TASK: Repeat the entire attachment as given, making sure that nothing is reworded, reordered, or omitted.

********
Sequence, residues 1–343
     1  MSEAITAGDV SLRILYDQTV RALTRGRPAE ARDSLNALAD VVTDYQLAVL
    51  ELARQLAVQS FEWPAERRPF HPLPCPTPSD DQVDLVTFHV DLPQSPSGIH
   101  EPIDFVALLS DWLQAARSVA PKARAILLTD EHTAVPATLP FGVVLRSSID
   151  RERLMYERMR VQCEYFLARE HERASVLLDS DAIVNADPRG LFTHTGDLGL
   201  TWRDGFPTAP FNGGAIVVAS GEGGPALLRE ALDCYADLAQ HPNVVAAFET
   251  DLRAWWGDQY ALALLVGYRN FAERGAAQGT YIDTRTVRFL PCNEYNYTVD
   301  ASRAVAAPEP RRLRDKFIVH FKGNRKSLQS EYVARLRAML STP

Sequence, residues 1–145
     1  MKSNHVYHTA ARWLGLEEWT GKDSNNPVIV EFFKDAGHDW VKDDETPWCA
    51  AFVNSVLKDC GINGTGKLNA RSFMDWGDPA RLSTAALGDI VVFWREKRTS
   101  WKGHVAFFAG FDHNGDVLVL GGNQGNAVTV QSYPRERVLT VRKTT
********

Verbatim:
Sequence, residues 1–343
     1  MSEAITAGDV SLRILYDQTV RALTRGRPAE ARDSLNALAD VVTDYQLAVL
    51  ELARQLAVQS FEWPAERRPF HPLPCPTPSD DQVDLVTFHV DLPQSPSGIH
   101  EPIDFVALLS DWLQAARSVA PKARAILLTD EHTAVPATLP FGVVLRSSID
   151  RERLMYERMR VQCEYFLARE HERASVLLDS DAIVNADPRG LFTHTGDLGL
   201  TWRDGFPTAP FNGGAIVVAS GEGGPALLRE ALDCYADLAQ HPNVVAAFET
   251  DLRAWWGDQY ALALLVGYRN FAERGAAQGT YIDTRTVRFL PCNEYNYTVD
   301  ASRAVAAPEP RRLRDKFIVH FKGNRKSLQS EYVARLRAML STP

Sequence, residues 1–145
     1  MKSNHVYHTA ARWLGLEEWT GKDSNNPVIV EFFKDAGHDW VKDDETPWCA
    51  AFVNSVLKDC GINGTGKLNA RSFMDWGDPA RLSTAALGDI VVFWREKRTS
   101  WKGHVAFFAG FDHNGDVLVL GGNQGNAVTV QSYPRERVLT VRKTT